5 Activities To Help Your Kids Learn Perseverance - Moments A Day Perseverance is a quality that every child can benefit from practicing. After all, there are going to be challenges in life, and knowing how to persevere even amidst frustration or disappointment will be a great life skill. Active games and sports are a fantastic way to help strengthen one’s ability to persevere. Sports can help children learn how to push themselves physically, play despite nerves or intimidation, and keep at it regardless of winning or losing. Even small children can practice perseverance through very simple active games. In each of the five activities below there are variations for young children to progress through.
Spontaneity School: 10 Improv Games to Develop Courage, Compassion and Creativity - Anima Learning Want to learn the kind of presence and activities described here? Join us for a residential retreat!Improv Wisdom retreats 2016: June 8-13, Mere Point, ME; Sept 2-5, Petaluma, CAOr subscribe to the new Monster Baby podcast by clicking here! Here we go again! It’s that time of year. Parents have plucked the back-to-school aisles clean and have watched their youngsters take hesitant steps toward schoolhouse doors. 12 Ways to Teach Kids About Compassion + GIVEAWAY Disclosure: I am part of the PTPA Brand Ambassador Program with Harvest Time and I received compensation as a part of my affiliation with this group. The opinions on this blog are my own. Please see my disclosure policy. Honestly… it’s only been very recently that I’ve been concerned with teaching my kids principles of life. I guess I’ve always just assumed that they would learn by example. We would address principles like honesty, courage, and compassion as these issues arose in our everyday life.
Lessons and activities for teaching respect If your students lack it or could stand to learn more about it, we offer five lessons to get them talking and thinking about respect. Included: Have a Respect Popcorn Party! Can respect be taught? Of course it can! Kids of Integrity If you've been wondering how to begin developing your child's character, or if your past efforts haven't been as successful as you'd hoped, we're excited that you're checking out Kids of Integrity. Suitable for ages three to ten, Kids of Integrity is designed for maximum kid appeal! Each lesson features Bible-based discussions plus crafts, games and object lessons from science, nature and even home cooking.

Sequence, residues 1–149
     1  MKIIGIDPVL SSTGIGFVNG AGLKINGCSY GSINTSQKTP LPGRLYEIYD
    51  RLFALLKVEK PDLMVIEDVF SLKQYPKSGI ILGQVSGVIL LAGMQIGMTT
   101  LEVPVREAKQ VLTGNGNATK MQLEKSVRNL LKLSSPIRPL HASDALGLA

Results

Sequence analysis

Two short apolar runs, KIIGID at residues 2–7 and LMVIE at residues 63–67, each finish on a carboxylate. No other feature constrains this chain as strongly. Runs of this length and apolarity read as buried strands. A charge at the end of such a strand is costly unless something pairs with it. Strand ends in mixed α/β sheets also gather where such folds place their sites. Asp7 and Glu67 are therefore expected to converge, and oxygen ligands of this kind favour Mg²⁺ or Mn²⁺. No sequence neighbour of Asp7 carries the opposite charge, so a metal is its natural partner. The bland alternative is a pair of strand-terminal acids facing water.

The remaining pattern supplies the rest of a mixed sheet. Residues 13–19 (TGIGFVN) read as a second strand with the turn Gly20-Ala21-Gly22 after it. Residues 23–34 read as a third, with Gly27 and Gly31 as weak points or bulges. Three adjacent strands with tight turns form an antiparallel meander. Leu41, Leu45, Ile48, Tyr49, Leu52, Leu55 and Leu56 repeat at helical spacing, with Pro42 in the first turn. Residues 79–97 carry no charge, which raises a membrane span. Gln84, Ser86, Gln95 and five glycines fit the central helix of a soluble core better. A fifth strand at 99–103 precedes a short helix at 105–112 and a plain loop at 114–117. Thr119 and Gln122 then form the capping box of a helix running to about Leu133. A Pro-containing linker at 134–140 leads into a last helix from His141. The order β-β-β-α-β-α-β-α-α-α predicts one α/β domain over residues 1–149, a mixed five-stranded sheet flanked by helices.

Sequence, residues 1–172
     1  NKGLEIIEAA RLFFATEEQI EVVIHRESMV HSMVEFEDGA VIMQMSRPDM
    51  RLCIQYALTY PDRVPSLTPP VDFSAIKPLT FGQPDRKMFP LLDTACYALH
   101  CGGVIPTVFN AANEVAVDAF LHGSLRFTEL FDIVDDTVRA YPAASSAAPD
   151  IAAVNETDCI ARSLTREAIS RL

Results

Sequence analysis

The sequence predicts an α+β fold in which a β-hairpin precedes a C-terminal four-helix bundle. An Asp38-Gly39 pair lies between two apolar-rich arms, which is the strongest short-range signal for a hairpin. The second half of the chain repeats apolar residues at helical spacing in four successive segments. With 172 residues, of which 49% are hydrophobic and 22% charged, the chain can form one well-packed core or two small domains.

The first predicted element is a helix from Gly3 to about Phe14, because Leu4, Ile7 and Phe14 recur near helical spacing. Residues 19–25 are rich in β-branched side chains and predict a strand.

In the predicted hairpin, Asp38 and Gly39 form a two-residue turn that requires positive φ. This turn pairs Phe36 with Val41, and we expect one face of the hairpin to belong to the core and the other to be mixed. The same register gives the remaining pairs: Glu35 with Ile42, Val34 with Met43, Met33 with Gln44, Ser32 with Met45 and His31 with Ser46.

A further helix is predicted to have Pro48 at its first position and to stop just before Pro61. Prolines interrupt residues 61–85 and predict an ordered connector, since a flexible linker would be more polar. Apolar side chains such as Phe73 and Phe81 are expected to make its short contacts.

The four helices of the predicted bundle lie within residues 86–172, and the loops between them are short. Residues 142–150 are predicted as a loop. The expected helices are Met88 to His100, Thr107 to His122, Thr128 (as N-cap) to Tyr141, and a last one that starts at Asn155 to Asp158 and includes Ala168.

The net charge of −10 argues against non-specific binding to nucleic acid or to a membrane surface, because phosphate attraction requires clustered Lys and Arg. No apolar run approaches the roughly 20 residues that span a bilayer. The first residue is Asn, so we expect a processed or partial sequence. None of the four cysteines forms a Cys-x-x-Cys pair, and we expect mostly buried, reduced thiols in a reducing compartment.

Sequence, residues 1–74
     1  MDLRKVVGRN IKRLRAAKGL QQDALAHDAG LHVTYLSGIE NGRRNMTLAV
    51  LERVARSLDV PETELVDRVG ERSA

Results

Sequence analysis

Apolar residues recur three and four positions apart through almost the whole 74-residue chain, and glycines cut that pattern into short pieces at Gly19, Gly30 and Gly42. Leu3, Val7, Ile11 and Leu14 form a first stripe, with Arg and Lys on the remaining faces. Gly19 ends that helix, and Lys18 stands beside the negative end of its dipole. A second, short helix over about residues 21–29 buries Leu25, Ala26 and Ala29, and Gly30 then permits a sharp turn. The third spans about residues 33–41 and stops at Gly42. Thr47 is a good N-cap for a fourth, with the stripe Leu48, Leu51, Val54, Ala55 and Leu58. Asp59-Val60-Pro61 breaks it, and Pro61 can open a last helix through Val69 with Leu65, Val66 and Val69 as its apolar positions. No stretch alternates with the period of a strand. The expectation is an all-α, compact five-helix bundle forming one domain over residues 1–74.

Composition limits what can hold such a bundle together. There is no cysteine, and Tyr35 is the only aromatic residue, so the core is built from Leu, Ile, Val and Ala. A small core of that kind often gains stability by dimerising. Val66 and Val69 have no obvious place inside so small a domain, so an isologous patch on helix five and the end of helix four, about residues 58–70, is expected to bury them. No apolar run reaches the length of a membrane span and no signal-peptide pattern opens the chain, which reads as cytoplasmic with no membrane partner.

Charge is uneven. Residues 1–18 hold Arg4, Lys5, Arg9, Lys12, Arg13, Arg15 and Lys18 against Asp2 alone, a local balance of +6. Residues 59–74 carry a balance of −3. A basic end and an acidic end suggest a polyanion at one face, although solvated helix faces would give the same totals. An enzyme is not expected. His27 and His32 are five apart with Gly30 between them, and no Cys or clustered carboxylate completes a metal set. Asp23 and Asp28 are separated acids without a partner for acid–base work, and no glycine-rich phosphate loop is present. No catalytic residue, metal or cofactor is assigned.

Activities for Understanding Respect and Diversity Posted 06/01/2015 10:16PM | Last Commented 06/12/2015 12:49PM Schools in the United States are highly diverse. They include students of different color, cultural backgrounds, and languages. Students in diverse schools can expand their understanding and knowledge of different cultural backgrounds. Yet, to guarantee students’ fair access to education, teaching instructions should be culturally responsive to all students and engender a network of relationships based on trust, mutual respect, and valuing of diversity. The activites below focus on engendering a network of relatioships based on respect and valuing of diversity in a high school science classroom, but can be adapted to fit all ages and subjects.
Teacher Made Activities for Teaching Responsibility "Responsibility" is a key word in the classroom and, as teachers, we play an important role in helping students become responsible —interpersonally, personally, at home, and in the local and global community. The following responsibility-building activities have worked well with my students. Interpersonal Responsibility "How We're Doing" Chart After my students and I decide together on our classroom rules, I create a chart that reminds kids about responsible behavior. I make a pocket for each student and place in it a marker with a star sticker and a happy face. On one side of the chart are two additional pockets - one is labeled Whoops!
Helping Your Child Learn Responsible Behavior Courage Courage is taking a position and doing what is right, even at the risk of some loss. It means being neither reckless nor cowardly, but faring up to our duties. It includes physical courage, intellectual courage to make decisions on the basis of evidence, and moral courage to stand up for our principles.